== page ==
P[/dropcapeople just seem to hate their money right now.”  That was the explanation from Sam Murtaugh, COO of Mecum Auctions, on why prices for collector vehicles are going crazy in 2022, as evidenced by their amazing run of successful auctions over the past two months.  Mecum’s January collector car auction in Kissimmee Florida was the highest-grossing motor vehicle auction in history, with over $200M in sales. Let that sink in a moment.  Much like their just-concluded Las Vegas motorcycle auction (which brought in ~12% of that figure), well over 1000 vehicles rolled across the podium, making each auction the biggest in the world by volume alone.   This year just hit different, though, and the Mecum crew were riding high on Kissimmee juice when they set up their auction in the South Point Hotel & Casino, well off the Las Vegas strip.

This 1973 Honda CL450 Scrambler with Flying Dragon bodywork fetched $58,300, a world record for the model. [Mecum]
While Mecum’s motorcycle auction, held Jan 25-29, did not set a world record for sales, the prices reached were consistently high, and many world records for individual machines were realized.  Perhaps the premier example was a 1972 Honda CL450 Scrambler with ‘Flying Dragon’ bodywork, the psychedelic hand-applied water-dip paint scheme available as a swap-out from Honda dealers, that fetched an astounding, world-record $58,300. If you’ve ever wondered at the beauty of marbled book endpapers, the Flying Dragon bodywork kits used the same process: drip paint colors onto a still water tank, swirl them around a bit, dip your part into the water, and let it dry. It’s unknown how many of these bodywork kits were made in 1972/3, but four color combinations were offered: gold/purple, silver/purple, green/purple and blue/dark blue.  About 650,000 CL350s were built from 1968-73, so this machine can hardly be called rare.  But, the Flying Dragon bodywork is: former owner Bob Kelly says it’s the last of the bodywork kits he’s dug up NOS from old Honda dealers, and estimates there may be 20 examples left…including the one he sold at Mecum in 2021, that fetched ‘only’ $13,200.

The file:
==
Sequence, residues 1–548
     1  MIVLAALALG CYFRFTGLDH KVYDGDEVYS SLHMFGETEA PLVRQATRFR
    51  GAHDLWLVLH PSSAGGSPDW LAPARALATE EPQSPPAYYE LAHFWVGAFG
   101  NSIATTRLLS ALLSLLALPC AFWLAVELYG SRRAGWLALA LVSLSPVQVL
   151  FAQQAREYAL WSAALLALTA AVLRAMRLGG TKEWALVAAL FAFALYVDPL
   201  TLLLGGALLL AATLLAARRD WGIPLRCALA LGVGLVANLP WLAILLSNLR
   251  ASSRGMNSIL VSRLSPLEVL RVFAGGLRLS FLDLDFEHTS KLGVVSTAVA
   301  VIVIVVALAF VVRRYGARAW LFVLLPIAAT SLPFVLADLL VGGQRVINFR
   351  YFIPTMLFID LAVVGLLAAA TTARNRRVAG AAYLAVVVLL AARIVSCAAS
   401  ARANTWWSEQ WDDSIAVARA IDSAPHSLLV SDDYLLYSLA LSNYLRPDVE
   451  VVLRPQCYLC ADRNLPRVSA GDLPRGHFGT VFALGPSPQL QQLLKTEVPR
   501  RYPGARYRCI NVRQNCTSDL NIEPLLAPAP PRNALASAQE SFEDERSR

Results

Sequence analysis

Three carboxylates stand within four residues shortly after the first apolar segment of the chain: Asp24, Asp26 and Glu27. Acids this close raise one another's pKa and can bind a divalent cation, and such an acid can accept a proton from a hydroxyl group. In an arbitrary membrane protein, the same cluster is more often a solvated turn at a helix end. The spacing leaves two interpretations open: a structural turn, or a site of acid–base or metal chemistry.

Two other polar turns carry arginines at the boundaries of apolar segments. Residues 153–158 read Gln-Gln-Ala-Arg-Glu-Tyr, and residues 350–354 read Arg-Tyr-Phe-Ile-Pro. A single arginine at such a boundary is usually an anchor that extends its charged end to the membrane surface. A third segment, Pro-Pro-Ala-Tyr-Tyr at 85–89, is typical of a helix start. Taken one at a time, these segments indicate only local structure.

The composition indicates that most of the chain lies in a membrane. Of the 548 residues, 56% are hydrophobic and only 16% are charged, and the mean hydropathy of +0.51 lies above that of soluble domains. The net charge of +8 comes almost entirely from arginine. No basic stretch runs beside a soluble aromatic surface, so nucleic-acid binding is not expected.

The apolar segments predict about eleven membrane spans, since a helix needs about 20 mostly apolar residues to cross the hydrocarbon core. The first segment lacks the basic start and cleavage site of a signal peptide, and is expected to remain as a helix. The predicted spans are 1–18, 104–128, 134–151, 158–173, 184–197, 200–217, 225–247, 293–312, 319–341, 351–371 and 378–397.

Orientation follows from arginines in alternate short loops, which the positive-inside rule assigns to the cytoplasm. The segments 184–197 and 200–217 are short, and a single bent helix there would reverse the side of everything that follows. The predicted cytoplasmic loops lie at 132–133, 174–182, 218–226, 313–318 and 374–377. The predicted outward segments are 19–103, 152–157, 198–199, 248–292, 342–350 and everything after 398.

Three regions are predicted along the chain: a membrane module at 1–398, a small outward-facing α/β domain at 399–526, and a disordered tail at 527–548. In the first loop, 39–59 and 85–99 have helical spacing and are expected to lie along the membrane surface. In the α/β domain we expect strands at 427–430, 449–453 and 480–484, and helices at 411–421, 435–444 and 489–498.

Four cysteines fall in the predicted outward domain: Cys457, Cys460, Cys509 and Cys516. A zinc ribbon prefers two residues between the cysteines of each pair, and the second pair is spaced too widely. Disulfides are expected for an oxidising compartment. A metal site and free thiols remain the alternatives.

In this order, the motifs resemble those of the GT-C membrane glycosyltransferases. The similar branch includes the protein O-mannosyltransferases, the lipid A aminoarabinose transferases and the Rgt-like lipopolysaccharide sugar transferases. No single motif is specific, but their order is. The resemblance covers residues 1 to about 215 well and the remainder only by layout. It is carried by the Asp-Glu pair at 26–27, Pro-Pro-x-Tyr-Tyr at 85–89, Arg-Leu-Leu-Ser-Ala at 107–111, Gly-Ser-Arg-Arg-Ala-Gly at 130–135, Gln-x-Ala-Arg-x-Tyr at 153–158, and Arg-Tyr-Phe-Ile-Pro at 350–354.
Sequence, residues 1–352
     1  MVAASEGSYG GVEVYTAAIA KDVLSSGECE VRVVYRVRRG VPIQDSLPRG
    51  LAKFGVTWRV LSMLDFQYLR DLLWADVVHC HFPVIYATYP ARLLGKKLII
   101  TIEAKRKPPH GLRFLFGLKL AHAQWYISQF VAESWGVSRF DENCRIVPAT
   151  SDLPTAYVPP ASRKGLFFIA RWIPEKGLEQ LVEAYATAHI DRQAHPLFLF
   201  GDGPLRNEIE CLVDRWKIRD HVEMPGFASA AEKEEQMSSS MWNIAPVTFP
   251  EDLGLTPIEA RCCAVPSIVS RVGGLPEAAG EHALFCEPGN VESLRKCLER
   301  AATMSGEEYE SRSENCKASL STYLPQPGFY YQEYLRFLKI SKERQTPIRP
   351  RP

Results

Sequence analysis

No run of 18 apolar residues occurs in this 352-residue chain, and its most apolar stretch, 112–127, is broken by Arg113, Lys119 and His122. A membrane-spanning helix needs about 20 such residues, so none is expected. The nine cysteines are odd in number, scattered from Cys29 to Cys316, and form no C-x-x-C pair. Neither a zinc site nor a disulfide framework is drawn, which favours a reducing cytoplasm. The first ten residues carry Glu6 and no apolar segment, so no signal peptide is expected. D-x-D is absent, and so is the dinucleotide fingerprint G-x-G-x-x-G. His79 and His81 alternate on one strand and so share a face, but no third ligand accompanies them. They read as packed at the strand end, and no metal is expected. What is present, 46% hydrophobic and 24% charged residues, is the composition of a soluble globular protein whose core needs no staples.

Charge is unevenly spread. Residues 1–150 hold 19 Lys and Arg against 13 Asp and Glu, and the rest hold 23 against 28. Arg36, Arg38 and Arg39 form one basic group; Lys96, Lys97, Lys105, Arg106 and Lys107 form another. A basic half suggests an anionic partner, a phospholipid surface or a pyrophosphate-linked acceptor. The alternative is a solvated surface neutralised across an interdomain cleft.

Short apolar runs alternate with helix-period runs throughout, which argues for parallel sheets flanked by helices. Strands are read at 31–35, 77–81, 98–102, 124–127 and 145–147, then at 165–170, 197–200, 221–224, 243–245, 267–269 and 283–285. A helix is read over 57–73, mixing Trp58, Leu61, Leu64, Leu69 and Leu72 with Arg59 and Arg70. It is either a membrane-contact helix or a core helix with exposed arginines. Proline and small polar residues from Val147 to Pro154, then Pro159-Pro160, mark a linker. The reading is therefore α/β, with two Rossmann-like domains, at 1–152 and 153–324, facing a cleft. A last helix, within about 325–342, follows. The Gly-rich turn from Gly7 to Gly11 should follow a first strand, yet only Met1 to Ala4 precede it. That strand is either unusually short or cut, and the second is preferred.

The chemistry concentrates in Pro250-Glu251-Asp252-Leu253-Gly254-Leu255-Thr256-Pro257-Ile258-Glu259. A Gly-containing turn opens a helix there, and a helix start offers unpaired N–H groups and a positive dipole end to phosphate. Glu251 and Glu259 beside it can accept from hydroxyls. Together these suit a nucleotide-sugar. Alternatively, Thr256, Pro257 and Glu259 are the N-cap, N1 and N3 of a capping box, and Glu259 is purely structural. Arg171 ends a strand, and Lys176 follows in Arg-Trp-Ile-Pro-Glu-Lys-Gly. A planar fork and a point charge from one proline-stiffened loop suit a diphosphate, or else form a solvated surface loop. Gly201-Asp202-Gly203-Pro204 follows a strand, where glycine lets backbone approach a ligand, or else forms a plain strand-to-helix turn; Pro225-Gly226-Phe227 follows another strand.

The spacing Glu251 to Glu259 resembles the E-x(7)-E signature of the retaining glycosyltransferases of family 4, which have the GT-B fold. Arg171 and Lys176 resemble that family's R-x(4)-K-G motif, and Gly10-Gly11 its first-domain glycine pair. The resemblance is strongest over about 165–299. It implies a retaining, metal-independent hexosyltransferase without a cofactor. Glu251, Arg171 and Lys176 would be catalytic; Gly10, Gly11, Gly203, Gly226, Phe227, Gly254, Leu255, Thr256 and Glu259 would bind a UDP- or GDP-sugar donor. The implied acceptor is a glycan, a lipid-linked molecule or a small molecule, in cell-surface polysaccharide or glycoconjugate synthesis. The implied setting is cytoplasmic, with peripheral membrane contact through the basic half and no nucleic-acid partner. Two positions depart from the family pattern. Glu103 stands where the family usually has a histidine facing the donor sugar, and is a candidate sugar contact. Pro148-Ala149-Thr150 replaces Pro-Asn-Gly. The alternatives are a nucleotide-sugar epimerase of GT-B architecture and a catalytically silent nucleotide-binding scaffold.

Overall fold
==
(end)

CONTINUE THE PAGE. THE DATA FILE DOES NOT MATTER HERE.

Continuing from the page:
#10 – 1931 Henderson KJ Four $154,000

This 1931 Henderson KJ sold for $154,000. [Mecum]

American four-cylinder motorcycles were always rare and expensive, as opposed to the V-twins making up the mainstay of most manufacturers’ sales.  Big twins were relatively inexpensive and fast, whereas their four-cylinder counterparts took the title of ‘fastest production motorcycle in the world’ many times.  This last-year Henderson KJ is a rarity, as Igaz Schwinn, who owned both the Excelsior and Henderson brands under his mighty bicycle empire, decided that the Depression wasn’t going anywhere soon from the perspective of 1931, and just like that, he announced ‘today we quit’ to his Board of Directors, and pulled the plug on all motorcycle manufacturing that year.  Too bad: the KJ was designed by Arthur Constantine, and had nothing to do with William Henderson’s original four-cylinder design that Schwinn had purchased in 1917.  The KJ was a superbike of the era, actually capable of pulling from 10mph to 100mph in top gear, and looking like a sleek freight train in its ‘streamliner’ bodywork.  This machine was from the esteemed collection of Dr. J. Craig Venter, which meant no surprises for the buyer.

#9 – 1940 Indian 440 Four, $154,000

Such a beauty: the 1940 Indian 440 Four was the first year of Briggs Weaver’s iconic styling. [Mecum]